By mid-April the first good rains had fallen, the temperatures were dropping and the blackened landscapes were now rapidly becoming covered in fresh, young vegetation. The photo below shows the fast regrowth of the resprouting Olea capensis ssp. capensis as well as asparagus and the grass Cymbopogon marginatus on the ridge below Swartkransberg.
A closer look at the landscape revealed some flowering gems including the resprouting Liparia splendens (the mountain dahlia) and Gerbera piloselloides (swarttee).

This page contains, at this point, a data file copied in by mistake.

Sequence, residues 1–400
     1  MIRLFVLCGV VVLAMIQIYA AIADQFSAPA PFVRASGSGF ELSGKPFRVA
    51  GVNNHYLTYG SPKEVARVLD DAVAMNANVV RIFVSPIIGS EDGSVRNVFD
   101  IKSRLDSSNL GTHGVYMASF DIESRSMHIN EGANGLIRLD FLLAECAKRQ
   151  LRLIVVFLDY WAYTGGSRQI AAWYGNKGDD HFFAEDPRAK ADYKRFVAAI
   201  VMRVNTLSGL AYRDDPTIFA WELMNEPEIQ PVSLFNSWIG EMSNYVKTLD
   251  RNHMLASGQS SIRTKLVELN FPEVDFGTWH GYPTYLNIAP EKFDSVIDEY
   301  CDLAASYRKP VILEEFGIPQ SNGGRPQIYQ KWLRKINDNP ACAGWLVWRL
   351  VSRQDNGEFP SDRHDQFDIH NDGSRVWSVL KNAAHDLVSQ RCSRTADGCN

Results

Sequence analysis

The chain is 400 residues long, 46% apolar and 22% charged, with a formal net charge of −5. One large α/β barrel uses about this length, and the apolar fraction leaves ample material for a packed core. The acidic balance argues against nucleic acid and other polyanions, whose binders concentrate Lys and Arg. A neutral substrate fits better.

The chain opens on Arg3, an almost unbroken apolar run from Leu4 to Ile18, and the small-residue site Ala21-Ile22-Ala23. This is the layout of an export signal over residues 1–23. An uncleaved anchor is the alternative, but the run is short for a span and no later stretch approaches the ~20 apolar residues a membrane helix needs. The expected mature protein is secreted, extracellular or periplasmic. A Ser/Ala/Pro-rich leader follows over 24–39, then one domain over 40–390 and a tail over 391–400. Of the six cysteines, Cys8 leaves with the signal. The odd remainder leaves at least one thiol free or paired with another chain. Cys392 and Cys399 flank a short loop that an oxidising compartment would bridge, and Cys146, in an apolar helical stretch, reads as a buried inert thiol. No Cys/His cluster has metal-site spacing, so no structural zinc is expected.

Liparia splendens subsp. splendens, or the Mounatin dahlia as it is cmmonly known, is an creeping shrubs that is found on the higher peaks in the Walker Bay region where it is mostly found in rocky outcrops. As a species that resprouts after fire, the rocks provide some degree of protection for the undreground lignotuber from fire. Liparia seeds have a fleshy collar-like aril that attracts ants that disperse seeds underground. This dispersal strategy using ants is known as myrmecochory.
Gerbera piloselloides (swartee) is a tufted perennial with a rosette of elliptical leaves that are softly cobwebby on both surfaces. It tends to be overshadowed by larger fynbos plants in mature veld. As such it loves fire, and is one of the first species to flower in the autumn after a burn. It has a natural distribution from the Cape Peninsula to tropical Africa.